Appalling History of ‘Intimidation and Violence’ in Domestic Case by Officer Involved in Gray’s Arrest is Not Uncommon in Law Enforcement


Brian Rice (Photo Credit: Reuters)

Troubling details have emerged about the past of one of the Baltimore police officers involved in the death of Freddie Gray.

Lieutenant Brian Rice, who is facing charges of false imprisonment, misconduct, assault and manslaughter, has a history of “intimidation and violence,” according to his ex-wife and her new husband.

Rice was one of the officers that pursued and arrested Gray but his past has some people questioning why he was still employed at the police department to begin with.

Throughout his career in law enforcement, Rice had his weapons confiscated twice after displaying erratic behavior and threatening his ex-wife, Karyn McAleer and her husband, Andrew McAleer.

He was even hospitalized for a mental health evaluation in 2012 after he claimed he was going to shoot himself.

After mainstream media have already attempted to use Gray’s criminal history of charges related to drug possession to paint him as a person somehow deserving of the fatal injury, it will be interesting to see if this officer’s past will haunt him in the same manner as the investigation presses forward.

The officer’s troubling past is laid out in court documents filed by his ex-wife, who was so frightened by the 41-year-old’s behavior that she sought a restraining order against him to keep him away from her home and her family.

The 10-page report, filed back in January of 2013, is filled with the type of accusations that warranted a closer look into whether or not Rice was mentally stable enough to be in law enforcement.

In the document, McAleer says that Rice once forced their young son to “shoot” a picture of her and her husband that had been “taped to a piece of cardboard intended for target practice.” It did not mention what kind of weapon was used to take aim at the picture.

The document also states that Rice called his ex-wife to tell her about his plans to kill himself. She quickly called her husband to warn him to be careful as Rice was clearly emotionally unstable and liable to do something reckless.

Deputies then received an emergency call from the Carroll County sheriff’s department, The Guardian reports, before Rice was picked up and taken to the hospital. His police service weapon, along with a collection of other guns he had, were confiscated.

Many believe this should have marked the end of his place on the police force but after a short suspension, he returned to his regular duties as a cop.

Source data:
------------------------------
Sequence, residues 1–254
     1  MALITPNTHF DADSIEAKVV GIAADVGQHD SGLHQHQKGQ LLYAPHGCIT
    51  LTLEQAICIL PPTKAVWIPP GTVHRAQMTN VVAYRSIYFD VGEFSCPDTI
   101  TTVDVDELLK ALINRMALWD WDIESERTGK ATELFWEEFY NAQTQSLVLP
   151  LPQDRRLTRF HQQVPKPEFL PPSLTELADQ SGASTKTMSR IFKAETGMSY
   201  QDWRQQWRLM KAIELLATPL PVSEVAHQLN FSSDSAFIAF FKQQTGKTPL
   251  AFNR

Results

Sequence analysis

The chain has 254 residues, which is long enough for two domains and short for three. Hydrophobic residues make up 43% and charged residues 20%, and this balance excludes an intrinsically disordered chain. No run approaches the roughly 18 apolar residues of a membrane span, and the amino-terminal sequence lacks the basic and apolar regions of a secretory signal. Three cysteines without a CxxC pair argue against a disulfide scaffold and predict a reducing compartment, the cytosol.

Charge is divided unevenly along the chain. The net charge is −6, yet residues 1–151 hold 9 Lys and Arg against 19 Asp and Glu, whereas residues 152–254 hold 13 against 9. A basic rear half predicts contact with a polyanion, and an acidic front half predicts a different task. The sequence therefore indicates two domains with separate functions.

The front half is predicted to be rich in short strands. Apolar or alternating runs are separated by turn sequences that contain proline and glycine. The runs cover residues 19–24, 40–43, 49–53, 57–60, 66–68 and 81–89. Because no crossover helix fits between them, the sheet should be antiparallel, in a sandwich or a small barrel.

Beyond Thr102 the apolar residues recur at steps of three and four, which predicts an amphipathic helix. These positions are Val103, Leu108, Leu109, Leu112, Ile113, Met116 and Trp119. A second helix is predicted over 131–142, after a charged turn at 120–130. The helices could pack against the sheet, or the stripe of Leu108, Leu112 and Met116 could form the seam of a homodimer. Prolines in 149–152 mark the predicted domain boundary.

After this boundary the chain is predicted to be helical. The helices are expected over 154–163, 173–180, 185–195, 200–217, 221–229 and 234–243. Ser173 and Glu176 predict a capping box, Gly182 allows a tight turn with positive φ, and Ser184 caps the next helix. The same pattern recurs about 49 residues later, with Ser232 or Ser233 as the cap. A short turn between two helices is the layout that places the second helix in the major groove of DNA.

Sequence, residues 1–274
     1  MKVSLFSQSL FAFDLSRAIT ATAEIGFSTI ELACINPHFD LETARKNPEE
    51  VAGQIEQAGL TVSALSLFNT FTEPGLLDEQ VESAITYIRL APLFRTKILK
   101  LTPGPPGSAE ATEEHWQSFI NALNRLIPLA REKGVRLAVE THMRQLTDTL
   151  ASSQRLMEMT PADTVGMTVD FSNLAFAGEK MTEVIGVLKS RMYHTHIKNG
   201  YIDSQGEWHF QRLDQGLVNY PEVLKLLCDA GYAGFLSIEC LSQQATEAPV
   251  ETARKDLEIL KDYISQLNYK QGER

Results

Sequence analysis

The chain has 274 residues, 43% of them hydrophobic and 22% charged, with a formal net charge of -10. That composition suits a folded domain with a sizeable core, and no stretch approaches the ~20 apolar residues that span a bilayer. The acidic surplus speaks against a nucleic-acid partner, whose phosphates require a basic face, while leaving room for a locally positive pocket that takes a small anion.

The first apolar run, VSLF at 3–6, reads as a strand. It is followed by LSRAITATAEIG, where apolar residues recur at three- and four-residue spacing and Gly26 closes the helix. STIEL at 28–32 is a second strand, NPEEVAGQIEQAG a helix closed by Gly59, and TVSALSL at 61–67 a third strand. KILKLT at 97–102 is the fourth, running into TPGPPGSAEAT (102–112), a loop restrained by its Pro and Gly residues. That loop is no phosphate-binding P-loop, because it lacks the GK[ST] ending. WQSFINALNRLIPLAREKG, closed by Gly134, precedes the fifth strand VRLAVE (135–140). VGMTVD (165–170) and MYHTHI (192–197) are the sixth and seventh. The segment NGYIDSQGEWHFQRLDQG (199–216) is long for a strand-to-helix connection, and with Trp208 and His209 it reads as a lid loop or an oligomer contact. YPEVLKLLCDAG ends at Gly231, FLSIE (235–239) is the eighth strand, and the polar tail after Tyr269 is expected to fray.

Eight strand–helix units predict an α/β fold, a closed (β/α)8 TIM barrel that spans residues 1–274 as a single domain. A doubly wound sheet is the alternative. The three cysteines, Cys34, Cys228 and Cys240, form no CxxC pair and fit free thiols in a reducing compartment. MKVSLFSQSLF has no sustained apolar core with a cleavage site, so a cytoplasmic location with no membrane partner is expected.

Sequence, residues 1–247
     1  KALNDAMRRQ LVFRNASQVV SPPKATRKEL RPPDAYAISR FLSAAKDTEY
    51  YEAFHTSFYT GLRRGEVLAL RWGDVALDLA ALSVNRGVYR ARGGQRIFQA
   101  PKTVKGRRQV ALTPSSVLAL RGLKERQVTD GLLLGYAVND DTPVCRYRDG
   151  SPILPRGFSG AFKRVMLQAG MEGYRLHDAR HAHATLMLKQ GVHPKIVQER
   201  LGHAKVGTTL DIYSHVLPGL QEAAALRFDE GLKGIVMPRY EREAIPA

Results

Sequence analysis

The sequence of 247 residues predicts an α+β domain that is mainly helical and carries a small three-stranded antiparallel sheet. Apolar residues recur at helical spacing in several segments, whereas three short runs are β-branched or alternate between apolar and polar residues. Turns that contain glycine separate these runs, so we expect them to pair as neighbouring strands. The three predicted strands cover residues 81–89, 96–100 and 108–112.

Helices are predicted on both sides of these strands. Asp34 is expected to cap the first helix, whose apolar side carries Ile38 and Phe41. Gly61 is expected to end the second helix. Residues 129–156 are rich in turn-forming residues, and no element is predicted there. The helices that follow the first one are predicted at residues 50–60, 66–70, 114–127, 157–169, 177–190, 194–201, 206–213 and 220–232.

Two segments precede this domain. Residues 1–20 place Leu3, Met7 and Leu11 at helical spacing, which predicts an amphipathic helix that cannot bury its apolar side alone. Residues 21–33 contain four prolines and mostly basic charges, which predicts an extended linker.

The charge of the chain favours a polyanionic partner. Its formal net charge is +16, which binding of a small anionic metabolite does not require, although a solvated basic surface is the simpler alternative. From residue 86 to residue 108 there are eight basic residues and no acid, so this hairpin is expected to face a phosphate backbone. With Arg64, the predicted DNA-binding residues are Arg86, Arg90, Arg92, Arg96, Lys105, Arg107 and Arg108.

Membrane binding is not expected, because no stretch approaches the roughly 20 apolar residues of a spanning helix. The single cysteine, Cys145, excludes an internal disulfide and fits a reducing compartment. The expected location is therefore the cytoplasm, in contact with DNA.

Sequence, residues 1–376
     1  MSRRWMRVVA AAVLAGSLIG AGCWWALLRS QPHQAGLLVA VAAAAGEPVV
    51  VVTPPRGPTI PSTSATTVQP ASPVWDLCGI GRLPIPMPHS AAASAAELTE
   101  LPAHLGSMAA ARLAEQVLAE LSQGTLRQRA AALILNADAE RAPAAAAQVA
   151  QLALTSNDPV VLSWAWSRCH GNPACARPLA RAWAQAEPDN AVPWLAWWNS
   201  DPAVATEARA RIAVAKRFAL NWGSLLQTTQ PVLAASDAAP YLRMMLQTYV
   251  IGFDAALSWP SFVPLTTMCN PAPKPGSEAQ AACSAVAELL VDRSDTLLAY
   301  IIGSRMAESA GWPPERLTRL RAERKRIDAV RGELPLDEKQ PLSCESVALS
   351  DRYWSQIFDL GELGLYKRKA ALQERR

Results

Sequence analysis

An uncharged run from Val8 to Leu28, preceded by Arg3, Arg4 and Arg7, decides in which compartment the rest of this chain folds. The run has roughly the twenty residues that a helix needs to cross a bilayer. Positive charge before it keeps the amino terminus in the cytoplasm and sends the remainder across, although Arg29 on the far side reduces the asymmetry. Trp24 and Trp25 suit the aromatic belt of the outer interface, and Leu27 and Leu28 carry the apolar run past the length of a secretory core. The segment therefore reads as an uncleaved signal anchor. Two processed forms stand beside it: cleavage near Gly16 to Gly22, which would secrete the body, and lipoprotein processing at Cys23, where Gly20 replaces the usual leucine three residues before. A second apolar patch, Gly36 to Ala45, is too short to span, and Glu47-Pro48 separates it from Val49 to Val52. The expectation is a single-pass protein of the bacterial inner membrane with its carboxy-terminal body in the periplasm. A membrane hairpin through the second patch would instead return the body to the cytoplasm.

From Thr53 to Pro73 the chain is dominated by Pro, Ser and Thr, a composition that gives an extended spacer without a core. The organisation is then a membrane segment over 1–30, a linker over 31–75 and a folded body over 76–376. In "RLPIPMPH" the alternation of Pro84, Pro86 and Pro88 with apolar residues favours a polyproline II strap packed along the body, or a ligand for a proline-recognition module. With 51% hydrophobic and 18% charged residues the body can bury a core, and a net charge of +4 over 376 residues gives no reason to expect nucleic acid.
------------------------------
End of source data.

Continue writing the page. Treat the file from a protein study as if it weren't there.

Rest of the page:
The Guardian reports that he was placed on an administrative suspension again eight months after that incident and McAleer secured a week-long peace order against him.

Rice had a history of showing up at his ex-wife’s husband’s place of work as well as their family home to engage in tense confrontations that eventually left McAleer fearing for his life. McAleer said Rice showed up around 2 a.m. one night reeking of alcohol, according to court documents obtained by The Guardian.

McAleer added that he witnessed Rice taking a semi-automatic weapon out of the trunk of his car before police finally arrived to the scene. His wife later informed him that her ex-husband had every intention to kill him that night.

The document details numerous other encounters, including one where Rice threatened to run McAleer over with his car.

“This caused me to become distraught and fear my life was about to end,” he wrote in the report.

Unfortunately, Rice isn’t a unique case and the Baltimore Police Department isn’t the only police department that keeps officers on patrol despite such troubling incidents.

Statistics show that roughly 40 percent of all women in police officer families become victims of domestic abuse.

freddiegrayprotestsThat number nearly doubles the average rate for women overall.

“Sociopaths are attracted to positions in which they are able to assert authority over others, so it should come as no surprise that there are higher concentrations of sociopaths within law enforcement,” The Free Thought Project reports.

What is more surprising is that police departments don’t seem to be proactive about dismissing officers who show troubling signs that could be associated with psychological issues.

In fact, the exact opposite seems to be true. Police departments have a history of trying to blatantly ignore such issues. More than three-fourths of the times that domestic abuse allegations were brought up against an officer, the allegation was not even mentioned on the officer’s evaluation.

For nearly 30 percent of the cases analyzed for a study by the Los Angeles Police Department, the officers even received promotions despite their troubling past encounters.

It’s a chilling reminder that cases like that of Freddie Gray cannot be treated as if they are rare or unique circumstances. Until the entire system is reformed, the country could be taking to the streets all over again following the death of another Freddie Gray, Michael Brown, Tamir Rice, Eric Garner or John Crawford.

That hope for reform, however, may finally come to fruition over the next few years as the Justice Department has shown more interest in investigating departments being accused of racism and police brutality.

ABC News reports that the Justice Department is considering launching an investigation into the entire Baltimore Police Department, much like the same one that exposed racist emails and severe corruption in the Ferguson Police Department.

A federal civil rights probe has already been launched regarding Gray’s death.


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